Does inductance vary over frequency in passive components. Consider a Coax cable for example, does the inductance value change as a function of frequency, lets say from 5GHz to 100GHz, does the inductance value ever change?
Yes, for just about any practical component, the effective inductance will change with frequency.
A coaxial cable is not an easy example to deal with. You should rather be considering it as a transmission line rather than a lumped inductor or inductor/capacitor network. So I'll leave that aside.
Instead consider an inductive coil. Any real coil has interwinding capacitance, caused by electric field between adjacent coils of the inductor, and modeled (in a simplified way) as a capacitor in parallel with the idealized inducutor. Above some frequency, the interwinding capacitance will tend to dominate the behavior of the device, causing the reactance to be negative and decreasing with frequency rather than positive and increasing.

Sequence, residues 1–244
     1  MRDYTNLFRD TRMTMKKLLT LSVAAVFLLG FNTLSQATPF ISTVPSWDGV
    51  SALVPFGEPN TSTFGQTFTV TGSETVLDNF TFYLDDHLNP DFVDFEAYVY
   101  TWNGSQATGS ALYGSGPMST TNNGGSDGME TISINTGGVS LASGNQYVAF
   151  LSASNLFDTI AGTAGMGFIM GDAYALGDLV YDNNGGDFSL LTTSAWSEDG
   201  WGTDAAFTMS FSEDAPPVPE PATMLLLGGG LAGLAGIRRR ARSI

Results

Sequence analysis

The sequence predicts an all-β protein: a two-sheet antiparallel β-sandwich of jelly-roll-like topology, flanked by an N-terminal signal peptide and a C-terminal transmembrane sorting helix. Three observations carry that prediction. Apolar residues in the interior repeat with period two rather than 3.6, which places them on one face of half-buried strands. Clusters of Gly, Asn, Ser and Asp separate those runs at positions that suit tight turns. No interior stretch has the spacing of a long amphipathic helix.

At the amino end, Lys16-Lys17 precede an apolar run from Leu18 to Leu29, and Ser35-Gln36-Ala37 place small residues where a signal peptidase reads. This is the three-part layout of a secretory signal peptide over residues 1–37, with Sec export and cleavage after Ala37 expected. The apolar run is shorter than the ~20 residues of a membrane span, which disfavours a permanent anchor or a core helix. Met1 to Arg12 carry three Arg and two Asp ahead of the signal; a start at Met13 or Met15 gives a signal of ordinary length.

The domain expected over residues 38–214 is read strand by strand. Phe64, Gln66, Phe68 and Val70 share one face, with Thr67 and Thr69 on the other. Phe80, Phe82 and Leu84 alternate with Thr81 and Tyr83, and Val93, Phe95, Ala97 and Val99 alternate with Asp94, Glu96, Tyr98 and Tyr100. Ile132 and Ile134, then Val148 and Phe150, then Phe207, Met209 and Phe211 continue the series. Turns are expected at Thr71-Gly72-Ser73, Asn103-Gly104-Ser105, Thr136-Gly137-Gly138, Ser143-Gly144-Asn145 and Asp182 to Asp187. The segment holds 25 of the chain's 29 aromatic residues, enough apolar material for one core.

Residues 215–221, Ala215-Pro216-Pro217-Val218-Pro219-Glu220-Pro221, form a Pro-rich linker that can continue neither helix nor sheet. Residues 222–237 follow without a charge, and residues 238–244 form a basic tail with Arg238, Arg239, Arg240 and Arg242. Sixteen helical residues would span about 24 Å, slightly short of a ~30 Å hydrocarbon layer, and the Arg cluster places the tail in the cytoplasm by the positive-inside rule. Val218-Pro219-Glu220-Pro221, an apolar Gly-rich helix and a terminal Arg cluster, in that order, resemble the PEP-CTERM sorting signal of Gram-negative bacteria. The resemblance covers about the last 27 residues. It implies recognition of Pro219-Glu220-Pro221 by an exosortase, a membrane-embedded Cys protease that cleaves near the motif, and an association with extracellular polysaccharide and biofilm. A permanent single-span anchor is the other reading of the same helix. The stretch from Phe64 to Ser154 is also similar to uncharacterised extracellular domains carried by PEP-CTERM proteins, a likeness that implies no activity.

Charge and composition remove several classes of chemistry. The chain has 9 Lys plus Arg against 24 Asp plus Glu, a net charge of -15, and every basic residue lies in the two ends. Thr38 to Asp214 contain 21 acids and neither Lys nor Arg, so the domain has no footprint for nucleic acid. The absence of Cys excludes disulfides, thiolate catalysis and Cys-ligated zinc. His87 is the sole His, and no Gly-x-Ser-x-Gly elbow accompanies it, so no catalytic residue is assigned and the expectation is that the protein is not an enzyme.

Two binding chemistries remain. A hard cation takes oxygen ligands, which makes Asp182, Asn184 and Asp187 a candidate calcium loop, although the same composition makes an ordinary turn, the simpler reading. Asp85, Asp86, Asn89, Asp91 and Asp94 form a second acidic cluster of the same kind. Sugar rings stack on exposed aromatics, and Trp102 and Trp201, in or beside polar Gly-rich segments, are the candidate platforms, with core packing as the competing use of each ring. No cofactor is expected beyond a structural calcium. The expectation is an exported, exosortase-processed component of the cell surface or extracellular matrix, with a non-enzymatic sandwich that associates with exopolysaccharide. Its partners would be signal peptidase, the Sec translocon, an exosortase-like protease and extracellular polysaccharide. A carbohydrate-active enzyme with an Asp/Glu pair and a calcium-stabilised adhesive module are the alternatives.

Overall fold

Similarly, practical capacitors nearly always have lead inductance. This acts as an inductor in series with the idealized capacitor. Above some frequency (often specified as series resonance frequency in capacitor datasheets), the lead inductance tends to dominate the device behavior resulting in positive reactance increasing with frequency rather than negative and decreasing.
The frequencies where these effects become important range from kilohertz to gigahertz depending on the device construction, and you will want to be aware of them when choosing components in your designs.
Furthermore, even if you neglect these geometrical parasitic effects, you'll find that the critcial parameters (permeability of inductor cores and permittivity of capacitor dielectrics) also vary over frequency due to the resonances of the molecules producing the magnetization or polarization that determines those quantities. This will cause the inductance or capacitance of the device to vary (at least slightly) with frequency.